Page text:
Lavjibhai Daliya is a Surat-based realtor who had unsuccessfully bid to buy Prime Minister Narendra Modi’s pinstripe suit in an auction in 2015, the proceeds of which went to the Clean Ganga project.
An undeterred Daliya has, however, embarked on a bigger philanthropic mission: to provide financial stability to the girl child.
Under his Badshah Sukanya Smridhi Yojana, the businessman has been providing parents of his Patel (Patidar) community with more than one daughter with bank bonds that would earn them Rs 2.31 lakh on maturity after 21 years. Daliya pays the full premium and the accrued money is meant to be used for the girl’s higher education or marriage.
Earlier this week, 1,000 parents were handed over the bonds at a function. Launched in 2015, 10,000 bonds, intended only for the second or subsequent girl child, were given in the first year.
According to Daliya, bonds with a total maturity value of Rs 200 crore will be given with Daliya spending 56 crores on premium payments.
Clearly a Modi acolyte who the prime minister mentioned by name during a recent visit to the city for inaugurating a hospital, Daliya said he was only contributing his might to a right cause. “Soon after Narendrabhai as Gujarat CM started the Save Girl Child campaign, I organised various events to create awareness, particularly among Patels. But at the end of the decade-long campaign, I realised it was difficult to bring about such social change without extending financial support,” Daliya told HT.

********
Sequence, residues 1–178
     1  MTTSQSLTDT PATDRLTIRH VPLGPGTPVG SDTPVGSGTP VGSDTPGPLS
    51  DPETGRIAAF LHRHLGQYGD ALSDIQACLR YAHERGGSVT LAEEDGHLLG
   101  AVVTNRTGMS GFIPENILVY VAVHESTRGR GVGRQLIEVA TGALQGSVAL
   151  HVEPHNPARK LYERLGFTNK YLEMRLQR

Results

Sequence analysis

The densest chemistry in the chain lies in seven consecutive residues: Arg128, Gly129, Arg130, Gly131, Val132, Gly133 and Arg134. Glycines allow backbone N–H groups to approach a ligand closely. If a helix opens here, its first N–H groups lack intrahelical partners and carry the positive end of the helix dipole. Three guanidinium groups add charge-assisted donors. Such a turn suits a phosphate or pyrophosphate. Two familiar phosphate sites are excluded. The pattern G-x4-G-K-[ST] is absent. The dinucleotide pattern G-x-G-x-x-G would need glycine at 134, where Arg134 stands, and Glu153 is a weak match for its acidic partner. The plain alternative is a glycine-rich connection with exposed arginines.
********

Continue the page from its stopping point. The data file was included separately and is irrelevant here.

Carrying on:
Daliya said he was driven by his poor background to help those in need. He had first come to Surat from Bhavnagar in Saurashtra at the age of 13 to work as a diamond polisher. One thing led to another and he came to own diamond factories, power looms and also one of Gujarat’s biggest real estate firms.
“I have seen that families feel more devastated when their second or third child is also a girl. This situation, especially in poor families, subconsciously leads to discrimination. That’s why the bond is meant only for the second and subsequent girl child,” he said.
The situation, he said, was dire within his Patidar community suffering from a skewed sex ratio. The female-male ratio for the Patidars is thought to be just 800 per 1,000 males against the state average of 919 per 1,000, forcing many Patidars to seek brides from outside Gujarat.
Some within his business circle whisper that Daliya’s motives are not entirely noble. “He is eyeing publicity plus Modi’s attention,” said one on condition of anonymity.
But the businessman, affectionately called Badshah, is winning many hearts at the moment with his initiative. He runs a team of volunteers who stay in touch with doctors and counsel parents against female foeticide.
“I see some difference in attitude of parents toward girls, especially in young parents. They seem to fully understand the situation. And with little help from society they now seem to be welcoming the girl child wholeheartedly,” he said.